On telephone surveys, I keep them busy
It's a rare afternoon at home alone, and I answer the ringing telephone. Within the first two seconds, the caller's inability to pronounce my fairly phonetic name establishes that we have a stranger on the line, either sales or survey. Five more seconds (it takes her a while to be certain that I am, indeed, fine today) and the range of choices has been narrowed to "survey." Yes, I am the Lady of the House and, yes, there are teenagers who reside with me.
At the other end of the line, I can hear the survey girl rubbing her hands with glee. I am the perfect candidate to answer "just a few questions."
This is the moment when the conversation could have been terminated. Clearly, the caller missed her chance. "Are you the person in your family who is primarily responsible for doing laundry?" she asks.
I bypass an endless number of sarcastic one- liners in favor of, "Yes." Years of experience have taught me that playing it straight is faster.
"Do you use laundry-spray pretreatments?"
"Would you say you use them: (a) every time you wash, (b) one to four times per month, (c) less than once per month?"
"Every time I wash."
"Do you buy these products: (a) monthly, (b) once every one to three months, or (c) once every three to six months?"
"No," I say.
"No what?" she asks.
It is easy to envision her fingers hovering above a computer keyboard, anticipating the response that will let her move on to the next question.
"I haven't bought laundry pretreatment spray for....," I pause to count on my fingers, "at least four years."
"Four years?" she repeats.
"That's right," I say. "My daughter was in fifth grade when she picked a science-fair project on which spray removes stains best. We bought them all, and I'm still working on the supply. She's a freshman now."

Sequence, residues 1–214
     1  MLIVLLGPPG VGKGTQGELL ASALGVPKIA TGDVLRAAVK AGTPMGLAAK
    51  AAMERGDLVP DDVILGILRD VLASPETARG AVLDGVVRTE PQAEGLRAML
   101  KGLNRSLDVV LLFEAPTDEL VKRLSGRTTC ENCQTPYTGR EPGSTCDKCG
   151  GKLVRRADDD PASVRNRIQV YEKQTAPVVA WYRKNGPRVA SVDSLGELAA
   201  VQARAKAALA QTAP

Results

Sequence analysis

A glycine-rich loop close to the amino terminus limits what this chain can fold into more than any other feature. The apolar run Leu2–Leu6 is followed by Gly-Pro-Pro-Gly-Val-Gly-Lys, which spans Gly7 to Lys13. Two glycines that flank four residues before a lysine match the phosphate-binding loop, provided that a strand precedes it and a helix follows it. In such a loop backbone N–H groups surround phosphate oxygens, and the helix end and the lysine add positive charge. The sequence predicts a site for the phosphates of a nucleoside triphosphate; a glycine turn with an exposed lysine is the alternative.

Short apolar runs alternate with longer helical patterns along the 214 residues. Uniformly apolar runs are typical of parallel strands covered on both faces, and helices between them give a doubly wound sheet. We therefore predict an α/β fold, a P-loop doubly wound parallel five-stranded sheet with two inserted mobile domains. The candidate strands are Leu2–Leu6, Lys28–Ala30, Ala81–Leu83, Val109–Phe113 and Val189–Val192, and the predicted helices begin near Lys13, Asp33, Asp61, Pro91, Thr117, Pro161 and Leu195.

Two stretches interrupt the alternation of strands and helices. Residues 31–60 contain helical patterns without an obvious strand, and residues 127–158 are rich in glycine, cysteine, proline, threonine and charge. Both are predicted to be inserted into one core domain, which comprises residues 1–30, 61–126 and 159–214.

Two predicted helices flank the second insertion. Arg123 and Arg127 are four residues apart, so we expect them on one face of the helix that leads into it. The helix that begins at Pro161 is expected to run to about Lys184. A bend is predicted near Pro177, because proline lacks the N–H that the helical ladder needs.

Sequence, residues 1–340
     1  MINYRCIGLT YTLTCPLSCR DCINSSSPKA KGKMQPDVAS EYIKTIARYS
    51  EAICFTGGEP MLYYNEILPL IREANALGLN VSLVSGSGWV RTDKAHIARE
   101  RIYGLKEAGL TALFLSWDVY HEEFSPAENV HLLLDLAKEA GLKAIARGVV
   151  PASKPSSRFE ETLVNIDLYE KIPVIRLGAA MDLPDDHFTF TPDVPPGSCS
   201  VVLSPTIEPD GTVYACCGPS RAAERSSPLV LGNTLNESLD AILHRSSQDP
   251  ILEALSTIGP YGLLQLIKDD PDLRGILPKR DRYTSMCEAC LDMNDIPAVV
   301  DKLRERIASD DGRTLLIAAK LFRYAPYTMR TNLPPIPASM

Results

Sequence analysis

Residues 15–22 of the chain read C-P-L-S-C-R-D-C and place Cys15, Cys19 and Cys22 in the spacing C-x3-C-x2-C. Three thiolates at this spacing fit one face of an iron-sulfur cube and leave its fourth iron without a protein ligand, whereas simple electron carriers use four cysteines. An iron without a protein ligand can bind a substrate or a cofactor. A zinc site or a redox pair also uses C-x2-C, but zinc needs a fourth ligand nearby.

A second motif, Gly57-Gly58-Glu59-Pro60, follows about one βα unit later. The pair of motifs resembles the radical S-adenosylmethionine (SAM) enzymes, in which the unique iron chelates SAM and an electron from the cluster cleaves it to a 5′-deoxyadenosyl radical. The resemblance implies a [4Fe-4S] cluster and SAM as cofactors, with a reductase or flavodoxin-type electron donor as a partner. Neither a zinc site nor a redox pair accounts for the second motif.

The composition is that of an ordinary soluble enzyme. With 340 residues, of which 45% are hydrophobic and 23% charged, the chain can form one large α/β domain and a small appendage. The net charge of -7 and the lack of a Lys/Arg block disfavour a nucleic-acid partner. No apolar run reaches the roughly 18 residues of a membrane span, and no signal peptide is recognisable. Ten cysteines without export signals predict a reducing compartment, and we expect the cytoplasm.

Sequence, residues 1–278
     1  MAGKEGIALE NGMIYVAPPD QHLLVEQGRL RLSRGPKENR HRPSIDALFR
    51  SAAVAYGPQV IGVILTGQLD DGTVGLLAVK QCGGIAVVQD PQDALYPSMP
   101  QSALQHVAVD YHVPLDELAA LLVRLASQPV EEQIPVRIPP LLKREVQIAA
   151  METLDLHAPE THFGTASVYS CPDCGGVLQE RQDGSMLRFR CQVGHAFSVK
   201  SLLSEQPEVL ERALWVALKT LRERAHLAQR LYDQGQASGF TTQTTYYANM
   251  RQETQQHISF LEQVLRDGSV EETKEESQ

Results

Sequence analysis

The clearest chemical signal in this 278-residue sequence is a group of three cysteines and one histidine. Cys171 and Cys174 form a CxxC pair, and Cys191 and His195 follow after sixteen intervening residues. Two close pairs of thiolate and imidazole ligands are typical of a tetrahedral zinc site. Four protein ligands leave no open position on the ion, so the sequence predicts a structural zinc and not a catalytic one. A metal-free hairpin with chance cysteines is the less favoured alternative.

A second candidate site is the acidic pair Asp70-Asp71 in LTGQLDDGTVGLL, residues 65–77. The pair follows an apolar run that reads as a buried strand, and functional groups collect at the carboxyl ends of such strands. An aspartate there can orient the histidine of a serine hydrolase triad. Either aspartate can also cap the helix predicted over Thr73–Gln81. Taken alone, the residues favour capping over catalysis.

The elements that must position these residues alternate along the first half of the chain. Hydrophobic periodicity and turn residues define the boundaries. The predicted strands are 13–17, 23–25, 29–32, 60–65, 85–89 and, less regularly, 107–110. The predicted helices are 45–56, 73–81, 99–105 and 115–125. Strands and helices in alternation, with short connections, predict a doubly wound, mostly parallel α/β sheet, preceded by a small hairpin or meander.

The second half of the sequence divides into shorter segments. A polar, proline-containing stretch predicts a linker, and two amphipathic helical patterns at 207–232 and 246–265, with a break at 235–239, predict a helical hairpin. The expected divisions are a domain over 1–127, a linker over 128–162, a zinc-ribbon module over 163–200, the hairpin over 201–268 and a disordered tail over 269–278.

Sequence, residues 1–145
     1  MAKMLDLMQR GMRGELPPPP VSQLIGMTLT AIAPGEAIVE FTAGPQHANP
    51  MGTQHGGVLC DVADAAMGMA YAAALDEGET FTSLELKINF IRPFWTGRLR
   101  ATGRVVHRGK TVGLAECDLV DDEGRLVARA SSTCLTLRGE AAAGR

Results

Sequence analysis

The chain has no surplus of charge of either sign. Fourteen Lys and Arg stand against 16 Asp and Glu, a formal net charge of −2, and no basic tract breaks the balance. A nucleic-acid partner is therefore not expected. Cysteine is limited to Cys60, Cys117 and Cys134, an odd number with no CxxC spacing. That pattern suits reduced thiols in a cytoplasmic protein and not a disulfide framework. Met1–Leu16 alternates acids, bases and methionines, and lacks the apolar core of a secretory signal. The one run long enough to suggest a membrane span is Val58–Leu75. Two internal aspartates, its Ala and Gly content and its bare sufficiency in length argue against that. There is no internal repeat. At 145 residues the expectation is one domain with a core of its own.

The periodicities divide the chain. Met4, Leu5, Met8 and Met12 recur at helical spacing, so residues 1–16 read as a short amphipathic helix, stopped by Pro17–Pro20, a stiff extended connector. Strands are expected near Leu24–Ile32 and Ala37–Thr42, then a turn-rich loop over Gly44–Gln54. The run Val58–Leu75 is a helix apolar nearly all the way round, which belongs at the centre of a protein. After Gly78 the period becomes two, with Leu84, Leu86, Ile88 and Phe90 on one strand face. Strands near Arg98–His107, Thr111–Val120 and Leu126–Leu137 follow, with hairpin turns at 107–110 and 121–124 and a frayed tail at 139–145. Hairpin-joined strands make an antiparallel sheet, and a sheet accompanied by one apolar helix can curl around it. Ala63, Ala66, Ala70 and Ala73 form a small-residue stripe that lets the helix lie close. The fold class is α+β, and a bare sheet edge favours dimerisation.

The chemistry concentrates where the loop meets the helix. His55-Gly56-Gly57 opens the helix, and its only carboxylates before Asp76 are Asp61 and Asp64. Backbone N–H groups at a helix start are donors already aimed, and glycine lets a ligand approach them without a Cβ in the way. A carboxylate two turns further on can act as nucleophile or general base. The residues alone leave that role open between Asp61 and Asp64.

The survey-giver is silent a moment. "So would you say that when you buy these products you are most interested in: (a) value, (b) convenience, or (c) quality?"
"Well, honestly, we were only interested in variety. She had to have at least six to make a good comparison."
Her keyboard remains quiet.
"Let's move on to hair-care products," she says. "Have you purchased shampoo and/or conditioner for any member of your family in the last six months?"
Once again I quell a rising tide of more creative responses and answer, "Yes." There is an audible sigh of relief on the other end of the line, and a few happy clicks on the keyboard.
"Please consider only your most recent hair-care purchase: Was it for yourself or for another family member?"
"It was for my daughter."
"Would you say you purchased these products based on: (a) advertisements, (b) value, or (c) past experience with the products?"
"I bought it because my daughter's friend suggested it."
"So it was recommended to you?"
"Sure," I answer. "It was recommended."
"Was your daughter: (a) very happy with the product, (b) moderately happy with the product, or (c) less than happy with the product."
"She was less than happy - C," I say, pleased to find a correct response among the choices.
"Was that because the product left her hair: (a) unmanageable, (b) too dry, (c) too oily, or (d) other?"
"Could you explain that?"
"A second friend with even prettier hair than the first suggested that she try another product, so she gave the original product to me, and I think it's great."
"So you would buy it again?" she asks.
"I doubt it," I admit. There's always a fresh bottle of the girls' last reject waiting for me. Buying the same thing again would seem a little extravagant, don't you think?"
There is silence at the other end of the connection, followed by what can only be knuckle-cracking, and then more silence. "Thank you for your time," she says weakly, and hangs up.
Strange, I think. I thought for sure she'd want to have a chat about breakfast cereals.
(c) Copyright 2001. The Christian Science Publishing Society